Updated: Aug 11
The "Joystick" or "Control Column", which is better for flying?
Here's the quick answer... it does not really matter. It comes down to personal preference, and swapping between the two control styles is a quick transition. Both are fun.
WARNING - DO NOT READ FURTHER IF YOU ARE A MALE PILOT - WHAT FOLLOWS IS NOT FOR YOU!
If you are a Woman With Wings, this next description is not gentle. It is raunchy, naughty and overt. It is a response to all those demeaning comments that some, (not all, there are some really good guys around), of our male counterparts so freely hand out at our expense and think is funny. I hope this makes you giggle.
I am a pilot of the female persuasion. I like men. This is probably why I chose a career that is male dominated. Perhaps I suffer from a little envy for the things that men can do that women, by virtue of biology, remain on the fringes of, but will deny this vehemently in polite company.
The very first time I sat in the pilot seat I was presented with a control column. A CONTROL COLUMN! Can you imagine my disappointment? I had been dreaming, yearning, fantasizing about becoming a pilot for years, flitting among the clouds, controlling my steed, 300 horses under the command of my joy-stick, erect and smooth, firmly grasped in my left hand, grinning from ear to ear. What sat in front of me did not conform, in any way, to the picture I had in my minds eye.
In all fairness, there also wasn't an open cockpit, no leather hat nor goggles nor white scarf, and my instructor didn't have a six pack, unless you count beer. My steed, at approximately 700 kg and 110 horses at first appeared underwhelming. That is, until we got going. I was about to discover that there is a lot more to flying than initially meets the eye.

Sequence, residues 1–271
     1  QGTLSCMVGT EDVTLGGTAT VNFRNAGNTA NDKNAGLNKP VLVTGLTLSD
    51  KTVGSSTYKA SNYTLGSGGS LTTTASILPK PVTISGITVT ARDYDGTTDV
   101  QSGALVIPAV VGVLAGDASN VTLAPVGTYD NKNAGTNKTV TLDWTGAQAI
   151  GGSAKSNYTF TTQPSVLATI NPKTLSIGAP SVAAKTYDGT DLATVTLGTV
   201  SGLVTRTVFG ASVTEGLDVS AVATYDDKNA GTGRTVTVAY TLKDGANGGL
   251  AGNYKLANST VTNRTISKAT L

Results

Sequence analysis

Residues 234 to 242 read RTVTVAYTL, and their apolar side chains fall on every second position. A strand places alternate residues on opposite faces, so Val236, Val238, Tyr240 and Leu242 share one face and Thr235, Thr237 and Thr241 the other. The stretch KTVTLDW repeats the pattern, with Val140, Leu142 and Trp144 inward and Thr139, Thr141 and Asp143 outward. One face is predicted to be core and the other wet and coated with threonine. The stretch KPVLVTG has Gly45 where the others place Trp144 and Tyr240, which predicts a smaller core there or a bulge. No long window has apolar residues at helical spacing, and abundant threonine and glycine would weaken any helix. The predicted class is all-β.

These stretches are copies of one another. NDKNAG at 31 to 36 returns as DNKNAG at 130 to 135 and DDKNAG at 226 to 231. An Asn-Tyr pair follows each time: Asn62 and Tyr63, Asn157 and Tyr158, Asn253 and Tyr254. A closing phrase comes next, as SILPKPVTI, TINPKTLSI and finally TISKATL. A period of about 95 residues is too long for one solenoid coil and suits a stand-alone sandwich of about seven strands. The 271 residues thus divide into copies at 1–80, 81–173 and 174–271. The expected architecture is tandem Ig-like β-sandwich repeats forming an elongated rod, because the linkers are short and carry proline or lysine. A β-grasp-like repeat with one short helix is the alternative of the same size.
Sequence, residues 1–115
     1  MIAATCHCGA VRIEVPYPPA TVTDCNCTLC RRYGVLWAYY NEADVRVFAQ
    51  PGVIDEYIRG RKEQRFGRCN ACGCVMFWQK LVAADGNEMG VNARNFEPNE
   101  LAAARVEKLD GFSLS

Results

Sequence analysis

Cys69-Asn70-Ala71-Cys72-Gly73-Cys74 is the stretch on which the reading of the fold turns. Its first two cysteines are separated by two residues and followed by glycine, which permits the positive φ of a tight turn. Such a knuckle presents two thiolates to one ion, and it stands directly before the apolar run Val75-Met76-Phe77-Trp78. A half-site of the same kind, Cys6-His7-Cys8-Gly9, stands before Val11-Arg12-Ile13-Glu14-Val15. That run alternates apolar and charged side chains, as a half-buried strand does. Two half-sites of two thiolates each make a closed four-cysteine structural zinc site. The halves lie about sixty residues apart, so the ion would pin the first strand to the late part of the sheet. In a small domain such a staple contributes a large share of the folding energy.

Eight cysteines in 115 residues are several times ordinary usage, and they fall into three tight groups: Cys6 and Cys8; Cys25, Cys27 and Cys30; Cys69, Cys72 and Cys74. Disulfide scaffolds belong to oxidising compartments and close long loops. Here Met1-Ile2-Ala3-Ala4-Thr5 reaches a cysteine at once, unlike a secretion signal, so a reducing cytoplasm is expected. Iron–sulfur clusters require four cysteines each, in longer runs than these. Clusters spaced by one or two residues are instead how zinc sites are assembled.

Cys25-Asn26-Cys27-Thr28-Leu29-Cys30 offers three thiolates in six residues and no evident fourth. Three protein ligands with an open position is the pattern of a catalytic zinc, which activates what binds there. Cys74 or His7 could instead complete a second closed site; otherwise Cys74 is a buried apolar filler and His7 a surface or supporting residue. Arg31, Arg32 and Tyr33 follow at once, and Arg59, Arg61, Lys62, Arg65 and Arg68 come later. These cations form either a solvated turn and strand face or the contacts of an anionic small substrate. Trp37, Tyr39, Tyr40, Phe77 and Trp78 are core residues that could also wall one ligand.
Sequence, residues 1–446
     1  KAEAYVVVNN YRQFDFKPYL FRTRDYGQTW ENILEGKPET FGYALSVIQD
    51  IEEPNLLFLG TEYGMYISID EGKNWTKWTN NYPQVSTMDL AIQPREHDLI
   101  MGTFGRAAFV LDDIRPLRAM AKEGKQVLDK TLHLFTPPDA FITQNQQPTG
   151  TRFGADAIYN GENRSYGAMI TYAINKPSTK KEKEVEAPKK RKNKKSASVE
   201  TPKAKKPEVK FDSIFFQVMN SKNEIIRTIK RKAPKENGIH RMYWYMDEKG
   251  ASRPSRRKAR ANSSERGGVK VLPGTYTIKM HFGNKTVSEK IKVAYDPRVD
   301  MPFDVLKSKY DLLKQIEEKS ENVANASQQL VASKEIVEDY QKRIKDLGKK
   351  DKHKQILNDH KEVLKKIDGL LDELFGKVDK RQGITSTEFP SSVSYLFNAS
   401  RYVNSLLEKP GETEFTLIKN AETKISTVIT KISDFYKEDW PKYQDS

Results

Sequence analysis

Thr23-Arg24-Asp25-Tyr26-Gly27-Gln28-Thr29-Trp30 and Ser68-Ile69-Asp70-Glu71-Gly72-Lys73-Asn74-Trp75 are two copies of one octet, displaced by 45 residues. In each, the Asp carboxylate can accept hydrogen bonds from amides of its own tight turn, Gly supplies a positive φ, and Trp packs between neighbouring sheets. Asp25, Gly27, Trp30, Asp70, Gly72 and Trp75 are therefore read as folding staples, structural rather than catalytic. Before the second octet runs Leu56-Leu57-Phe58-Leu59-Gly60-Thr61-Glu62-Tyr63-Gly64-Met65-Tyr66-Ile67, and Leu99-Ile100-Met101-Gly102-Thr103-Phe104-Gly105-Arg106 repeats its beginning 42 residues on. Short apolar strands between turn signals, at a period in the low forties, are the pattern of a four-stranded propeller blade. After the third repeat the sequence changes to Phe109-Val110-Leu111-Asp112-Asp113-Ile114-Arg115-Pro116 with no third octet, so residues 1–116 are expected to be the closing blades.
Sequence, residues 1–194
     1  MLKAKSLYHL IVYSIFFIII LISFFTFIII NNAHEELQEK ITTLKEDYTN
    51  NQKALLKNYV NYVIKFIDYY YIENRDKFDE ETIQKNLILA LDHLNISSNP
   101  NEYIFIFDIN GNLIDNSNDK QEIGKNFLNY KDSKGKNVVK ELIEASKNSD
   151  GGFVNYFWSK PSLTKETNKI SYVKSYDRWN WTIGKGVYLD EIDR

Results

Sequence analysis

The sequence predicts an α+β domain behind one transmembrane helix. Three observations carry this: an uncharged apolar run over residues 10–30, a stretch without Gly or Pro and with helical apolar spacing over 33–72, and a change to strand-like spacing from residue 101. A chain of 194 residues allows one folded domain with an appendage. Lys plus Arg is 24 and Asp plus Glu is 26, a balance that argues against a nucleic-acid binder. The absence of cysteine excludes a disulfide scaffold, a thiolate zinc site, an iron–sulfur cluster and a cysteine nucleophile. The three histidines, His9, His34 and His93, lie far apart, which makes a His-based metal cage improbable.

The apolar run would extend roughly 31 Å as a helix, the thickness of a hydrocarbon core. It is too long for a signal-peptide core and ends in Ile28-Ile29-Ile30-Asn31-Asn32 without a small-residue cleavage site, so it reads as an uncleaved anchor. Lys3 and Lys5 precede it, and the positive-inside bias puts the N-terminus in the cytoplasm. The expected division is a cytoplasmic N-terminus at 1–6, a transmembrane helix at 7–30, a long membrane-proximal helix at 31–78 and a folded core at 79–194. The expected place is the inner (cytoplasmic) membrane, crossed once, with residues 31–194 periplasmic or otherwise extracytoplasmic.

110 horses is a fair amount to command when you don't know what you are doing, but then as Pablo Picasso said: “I am always doing that which I cannot do, in order that I may learn how to do it.” And fortunately, due to the extreme patience and ability of my personal crew of male flight instructors, I succeeded. Rather well, I think.
My first experience with an actual aircraft joy stick, years later, was in a Jabiru. I can tell you it wasn't quite what I had imagined. This was one of the earlier models, and it was a good
thing I always wear trousers when flying. I was doing an instructor conversion, sitting in the right hand seat. The joy stick, in-between the two side by side pilot seats, reminded me of a gaming joy stick. Short, designed to be shared, yet only place for one pilot at a time. The throttle was between my legs under the seat. And don't even attempt to apply flaps from the right seat! Being positioned above and left abeam the left seat pilot’s head, it is impossible to operate from the right hand seat. Not my favourite flight position. To an outside observer I must have looked like an orangutan with my right hand between my legs, leaning slightly left with the joystick lightly grasped in my left hand; my legs at maximum extension to reach the rudder pedals from the fixed seat position. It didn't quite present the elegance I had been picturing for so long.
I am delighted to report that I did, eventually, get to fly an aircraft with a Joystick, firmly planted between my thighs. And although I have flown several aircraft with 300 horses at my fingertips, my first romance with the joystick was in a light aircraft with much less power. It was in a Technam.
None the less, it was good to clasp the erect joystick in my hand, playing with it, tugging it back to shoot up together, gentling it forward for straight and level, caressing it left, jerking it right, playing in the sky. It certainly is well named, the Joystick. I find it a little alarming that most pilots who enjoy these Joystick rides are men. Perhaps there is comfort in familiarity?
In the end though, I have found I am not that particular, give it to me short and in the middle, give it to me long between my thighs, or right upfront like the control column, I really don't care. It's not the shape and size that matters after all, but the delight that it provides that really counts in the end.